I, of course, adamantly disagreed, and began to rage my convictions in defense of the literary novel. Was she suggesting people read to occupy the time between daily activities and episodes of Dancing With the Stars? Was she honestly suggesting self proclaimed authorities who write "know it all books" are replacing the ranks of writers who inspire? Is composing on a eighth grade reading level an accepted standard in the industry?

While catching a second wind I noticed her smile and realized that I had been deliberately provoked. Her southern dialect had successfully veiled the satirical implications of her words.I was gratified by the moment of realization, like a person discovering the meaning of a riddle. It was like the sensation one derives from allegory.

I composed my panicked desperation and felt a unison with those that still crave the sensations from narrative. Although it was too late, I wanted to return to the college square and find the discouraged authors sitting behind the table stacks of their works. I wanted to stand them up, place my hands on their shoulders, and tell them to stick to their convictions!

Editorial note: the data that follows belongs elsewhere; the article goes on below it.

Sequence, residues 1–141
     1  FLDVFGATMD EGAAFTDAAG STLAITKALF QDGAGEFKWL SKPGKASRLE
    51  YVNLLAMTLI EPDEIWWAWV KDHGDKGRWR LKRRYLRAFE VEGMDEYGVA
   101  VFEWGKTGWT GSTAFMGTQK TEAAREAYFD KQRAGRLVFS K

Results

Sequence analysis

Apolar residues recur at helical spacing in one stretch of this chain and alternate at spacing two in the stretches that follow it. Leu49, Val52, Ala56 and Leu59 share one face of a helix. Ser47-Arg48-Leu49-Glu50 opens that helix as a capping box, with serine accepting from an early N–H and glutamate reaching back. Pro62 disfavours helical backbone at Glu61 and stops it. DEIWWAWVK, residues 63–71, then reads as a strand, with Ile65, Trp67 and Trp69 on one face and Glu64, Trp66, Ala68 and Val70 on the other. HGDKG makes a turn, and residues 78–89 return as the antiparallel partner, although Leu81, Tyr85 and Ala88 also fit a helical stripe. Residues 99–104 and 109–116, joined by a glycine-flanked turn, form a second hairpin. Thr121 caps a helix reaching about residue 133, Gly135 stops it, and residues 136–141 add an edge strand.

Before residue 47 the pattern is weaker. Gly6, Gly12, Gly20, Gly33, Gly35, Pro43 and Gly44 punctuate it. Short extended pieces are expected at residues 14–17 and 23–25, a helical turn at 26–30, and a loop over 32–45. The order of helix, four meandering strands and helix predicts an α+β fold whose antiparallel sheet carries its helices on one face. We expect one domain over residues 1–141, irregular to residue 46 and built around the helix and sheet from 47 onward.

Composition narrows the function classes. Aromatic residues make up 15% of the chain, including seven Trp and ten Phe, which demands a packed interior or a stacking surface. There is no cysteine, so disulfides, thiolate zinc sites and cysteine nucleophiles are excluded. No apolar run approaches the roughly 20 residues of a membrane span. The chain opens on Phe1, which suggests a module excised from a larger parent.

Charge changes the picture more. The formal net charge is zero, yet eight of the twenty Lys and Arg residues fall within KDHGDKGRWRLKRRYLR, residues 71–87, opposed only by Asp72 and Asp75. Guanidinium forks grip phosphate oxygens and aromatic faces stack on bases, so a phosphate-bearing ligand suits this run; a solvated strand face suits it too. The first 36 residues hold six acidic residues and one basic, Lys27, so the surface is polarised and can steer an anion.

Friday, October 15, 2010

No Rules, Just Write

Being a new comer to the world of social networking is somewhat like transferring to a new school midyear. One must acclimate to the customs and offer tributary to the ranking social orders. The student must initially guard against self expression and allow the fraternal order to exert the criterion of his advancement. It is certain any deviation to the rules will result in confrontation.